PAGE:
"William Kamkwamba’s memoir explores man’s relationship with technology and how it has become such a large part of everyday lives. This is an excellent text to use when collaborating with other disciplines, such as science, because much of the content is William explaining how he learned about electricity and how he used that knowledge to build the windmill that gave power to his family and village. It is also provides the opportunity for students to learn about making connections (text-to-self, text-to-world, etc.) as William’s experience may be very different than their own and doing so will cause them to think critically about the text. For a writing activity, students would employ Kelly Gallagher’s “How Does ________ Work?” in order to activate their inquisitiveness. They would make a list of things that are essential to their everyday lives and complete research and a write-up on how one of the items on their list works. " said.

"THE BOY WHO HARNESSED THE WIND by William Kamkwamba and Bryan Mealer tells the inspiring story of a young African boy who turned junkyard scraps into a working windmill to generate electricity for his family’s impoverished farm in Malawi.

This Young Readers Edition of Kamkwamba’s well-known adult memoir published in 2009 is likely to spark the scientific interests and imagination of middle-grade students. Readers are gradually drawn into William’s life in his small, rural African village. American children will be amazed at the lack of education and technology available to young William. They will also be moved by his determination and initiative.

While most middle-grade readers aren’t likely to pick up this book on their own, this compelling memoir would be a wonderful opportunity for librarians to collaborate with classroom teachers. Consider using this book as an interdisciplinary, whole-grade reading experience connecting language arts, social studies, and science curriculum.

Readers will enjoy watching the author’s 2009 TED talk at

Be sure to explore the Moving Windmills project at

Published by Dial Books for Young Readers, Penguin Young Readers Group. ARC provided by publisher.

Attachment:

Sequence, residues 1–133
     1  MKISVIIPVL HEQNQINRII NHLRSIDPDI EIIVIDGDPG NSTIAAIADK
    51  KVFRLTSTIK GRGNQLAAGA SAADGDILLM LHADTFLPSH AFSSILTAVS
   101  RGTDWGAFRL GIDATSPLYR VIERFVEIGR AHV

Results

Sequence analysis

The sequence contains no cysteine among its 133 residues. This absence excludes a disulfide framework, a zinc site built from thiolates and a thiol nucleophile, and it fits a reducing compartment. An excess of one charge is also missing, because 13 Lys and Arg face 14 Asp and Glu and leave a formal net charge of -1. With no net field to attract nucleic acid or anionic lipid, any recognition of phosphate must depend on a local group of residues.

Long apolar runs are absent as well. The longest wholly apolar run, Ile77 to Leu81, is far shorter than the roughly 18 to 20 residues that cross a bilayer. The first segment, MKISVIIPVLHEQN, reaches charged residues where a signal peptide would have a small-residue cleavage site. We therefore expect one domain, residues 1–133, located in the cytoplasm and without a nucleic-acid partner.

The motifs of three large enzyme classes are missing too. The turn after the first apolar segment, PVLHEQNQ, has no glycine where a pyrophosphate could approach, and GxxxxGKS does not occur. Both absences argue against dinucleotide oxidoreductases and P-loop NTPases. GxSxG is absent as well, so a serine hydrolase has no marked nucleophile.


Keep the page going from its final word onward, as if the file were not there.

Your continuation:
" said.

"This is a very powerful story about not only about science, but also famine, family, and friendship. By the time you finish this book, you will want to do at least two things:

(1) visit Malawi (country located in southeastern Africa) and
(2) and do something productive with the weather (not just complain about it).

William Kamkwamba grew up in a rural town (Wimbe) without electricity with many sisters, parents, and extended family and some good friends, namely Gilbert. He also had a dog named Khamba whom he lost to the famine of 2002. Basically, William wondered how something worked and his curiosity (and perseverance) developed into a mad (his own word) passion for science. He is now a Dartmouth graduate and guest speaks about technology, entertainment, and design (TED).

This is Sam's book. He got it for his 9th birthday on December 9. He read it a few days later. I read it after he finished it and then when he was around, I'd read sections out loud to him and quiz him along the way.

This is a beautiful book for boys, no doubt, but I'd also like to say it is a wonderful book for their mommies, at least it was for me. The reason is because it is written by two men, one African and one American and their writing helped me understand how my own sons' minds think, observe, and dream.

I think what makes this book so special is that it teaches geography, history, loyalty as well as science. I also think anyone interested in electrical engineering will appreciate this book because it quite beautifully explains the connection process with lovely imagery.

The Mom Who Tilted At Windmills

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July 2018 New Book: